Newsletter of the Madison Astronomical Society
Rededication of the AKO
At the June Picnic many members saw our newly rebuilt Art Koster Observatory in its new glory and fully operational. All are pleased that this much used building is now ready to face many more years of service. A brief rededication ceremony was held.
Moving the power lines? Yesss!
New Door? Not quite!
Good news about the moving of the power lines that now cross directly over the viewing area of the Yanna Research Station. They will be moved. An estimate of the cost was obtained from Alliant Power Company and the MAS Observing Committee agreed to move the power lines. The cost of $2480 was donated to the MAS by Dr. Greiner.
The power company has been paid (they want the money up front) and promised to schedule the move for the near future. It is nice to think that this annoying and contentious feature at our dark site will vanish.
Not quite a new door, but the good news is that the clubhouse has a front door that looks like new. Thanks to Dick Goddard and his handy work, the front door which was rusting badly has been totally refinished. It is now such a bright white that you will be able to almost see it in the dark. Our thanks to Dick for this significant effort which took a number of hours of careful work to complete.
Notes from the YRS
by Tim Ellestad
So far a rather stormy Summer has been relatively kind the Observatory. In spite of some rather violent weather passing through, the Yanna Research Station has survived unscathed.
The clubhouse door is sporting a bright and durable new paint job thanks to club member Dick Goddard. The door was sorely in need of paint. If it went another season unattended rust would have turned our nice steel door into a doily. Dick served for many years as Director of the Md-Continent Railway Museum in North Freedom which taught him just how to get rid of nist and lay on a good paint job. Maybe we can put all that administrative experience to use as well.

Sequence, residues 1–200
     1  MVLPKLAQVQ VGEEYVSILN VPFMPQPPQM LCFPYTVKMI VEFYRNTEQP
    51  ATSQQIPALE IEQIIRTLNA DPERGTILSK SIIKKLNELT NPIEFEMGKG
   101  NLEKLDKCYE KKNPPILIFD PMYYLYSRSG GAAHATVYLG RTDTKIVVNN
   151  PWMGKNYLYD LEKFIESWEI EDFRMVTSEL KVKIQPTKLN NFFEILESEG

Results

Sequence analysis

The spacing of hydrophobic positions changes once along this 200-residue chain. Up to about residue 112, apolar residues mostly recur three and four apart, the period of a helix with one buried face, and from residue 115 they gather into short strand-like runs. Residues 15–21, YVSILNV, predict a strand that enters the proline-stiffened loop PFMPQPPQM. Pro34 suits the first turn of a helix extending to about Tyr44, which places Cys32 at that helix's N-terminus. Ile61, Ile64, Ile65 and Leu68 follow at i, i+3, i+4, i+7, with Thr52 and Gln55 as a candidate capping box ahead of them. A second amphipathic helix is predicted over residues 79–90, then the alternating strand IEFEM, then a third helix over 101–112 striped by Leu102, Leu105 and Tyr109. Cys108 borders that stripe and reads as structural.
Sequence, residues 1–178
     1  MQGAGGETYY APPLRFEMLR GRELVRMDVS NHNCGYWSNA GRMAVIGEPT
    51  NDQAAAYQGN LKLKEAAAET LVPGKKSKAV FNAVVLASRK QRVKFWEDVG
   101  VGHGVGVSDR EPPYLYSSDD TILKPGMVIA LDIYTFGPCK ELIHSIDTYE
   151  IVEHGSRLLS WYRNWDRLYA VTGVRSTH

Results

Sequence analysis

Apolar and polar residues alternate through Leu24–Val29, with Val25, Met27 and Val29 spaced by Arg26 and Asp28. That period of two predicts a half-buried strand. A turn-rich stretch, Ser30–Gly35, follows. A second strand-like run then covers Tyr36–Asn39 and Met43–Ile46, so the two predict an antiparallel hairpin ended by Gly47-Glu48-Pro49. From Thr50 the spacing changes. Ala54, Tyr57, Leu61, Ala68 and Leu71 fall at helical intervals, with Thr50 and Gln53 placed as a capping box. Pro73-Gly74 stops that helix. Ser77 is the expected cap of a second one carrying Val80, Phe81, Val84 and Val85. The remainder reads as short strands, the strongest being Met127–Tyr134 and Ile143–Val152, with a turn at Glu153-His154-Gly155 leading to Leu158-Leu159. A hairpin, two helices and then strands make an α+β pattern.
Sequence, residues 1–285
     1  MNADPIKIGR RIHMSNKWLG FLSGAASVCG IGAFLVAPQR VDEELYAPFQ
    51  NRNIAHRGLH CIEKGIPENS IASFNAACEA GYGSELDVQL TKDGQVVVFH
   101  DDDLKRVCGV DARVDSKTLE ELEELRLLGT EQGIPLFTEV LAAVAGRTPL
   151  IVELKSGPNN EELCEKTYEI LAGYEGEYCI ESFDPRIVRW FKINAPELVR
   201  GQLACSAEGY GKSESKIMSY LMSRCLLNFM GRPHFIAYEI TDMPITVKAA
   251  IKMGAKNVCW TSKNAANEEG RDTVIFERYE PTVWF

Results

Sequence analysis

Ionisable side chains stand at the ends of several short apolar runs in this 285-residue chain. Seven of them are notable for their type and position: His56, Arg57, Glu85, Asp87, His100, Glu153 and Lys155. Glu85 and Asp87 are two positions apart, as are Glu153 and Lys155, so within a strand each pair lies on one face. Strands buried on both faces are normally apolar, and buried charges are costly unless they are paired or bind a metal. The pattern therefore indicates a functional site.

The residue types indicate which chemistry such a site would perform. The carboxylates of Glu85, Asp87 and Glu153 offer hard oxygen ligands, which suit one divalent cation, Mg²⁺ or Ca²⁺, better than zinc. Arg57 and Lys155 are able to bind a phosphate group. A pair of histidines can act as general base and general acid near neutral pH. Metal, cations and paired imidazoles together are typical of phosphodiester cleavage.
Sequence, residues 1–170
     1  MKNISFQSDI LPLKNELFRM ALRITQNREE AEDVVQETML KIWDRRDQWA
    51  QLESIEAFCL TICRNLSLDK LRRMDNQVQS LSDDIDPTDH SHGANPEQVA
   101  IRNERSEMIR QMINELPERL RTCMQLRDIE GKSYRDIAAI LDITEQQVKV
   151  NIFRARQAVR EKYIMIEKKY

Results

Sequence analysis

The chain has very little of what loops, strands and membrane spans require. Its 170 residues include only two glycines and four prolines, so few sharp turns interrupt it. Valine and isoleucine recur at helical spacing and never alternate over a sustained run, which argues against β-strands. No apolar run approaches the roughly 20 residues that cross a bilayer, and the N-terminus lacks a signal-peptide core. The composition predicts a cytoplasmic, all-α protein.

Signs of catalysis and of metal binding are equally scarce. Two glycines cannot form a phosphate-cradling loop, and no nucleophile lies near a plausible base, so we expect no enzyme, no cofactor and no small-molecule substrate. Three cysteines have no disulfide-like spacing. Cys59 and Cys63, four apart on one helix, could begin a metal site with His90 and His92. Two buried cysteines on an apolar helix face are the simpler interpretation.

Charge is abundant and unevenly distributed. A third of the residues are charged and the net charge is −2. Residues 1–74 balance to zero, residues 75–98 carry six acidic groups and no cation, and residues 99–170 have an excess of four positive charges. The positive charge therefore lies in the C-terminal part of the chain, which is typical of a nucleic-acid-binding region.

Rod Helt, our resident architect accompanied me on an inspection tour of the site a few weeks ago and we turned up a few minor maintenance needs. Most are nickel-dime problems and will be attended to in the near future. The door on the 17 inch roll-off shelter needs a little work. There are a couple of small holes in the C11 dome to be plugged. The posts supporting the rails for the Greiner Telescope shelter could use some metal caps and the window trim around the air conditioner in the clubhouse needs primer and paint.
One slightly more significant job needs tending to before winter sets in, though. The stucco cladding on the north wall of the clubhouse has sunken a bit. A 1 to 2 inch gap has formed where the top of the wall meets the roof overhang, leaving an opening for weather and various creepy-crawlys. In one place a moderate chunk of stucco has broken out. Rod feels that most of the gap can be filled with rope Styrofoam insulation and caulk and covered with some additional wood trim. The broken stucco will require a little creative work with clicken wire, mortar, and pea gravel, however. A materials estimate is pending.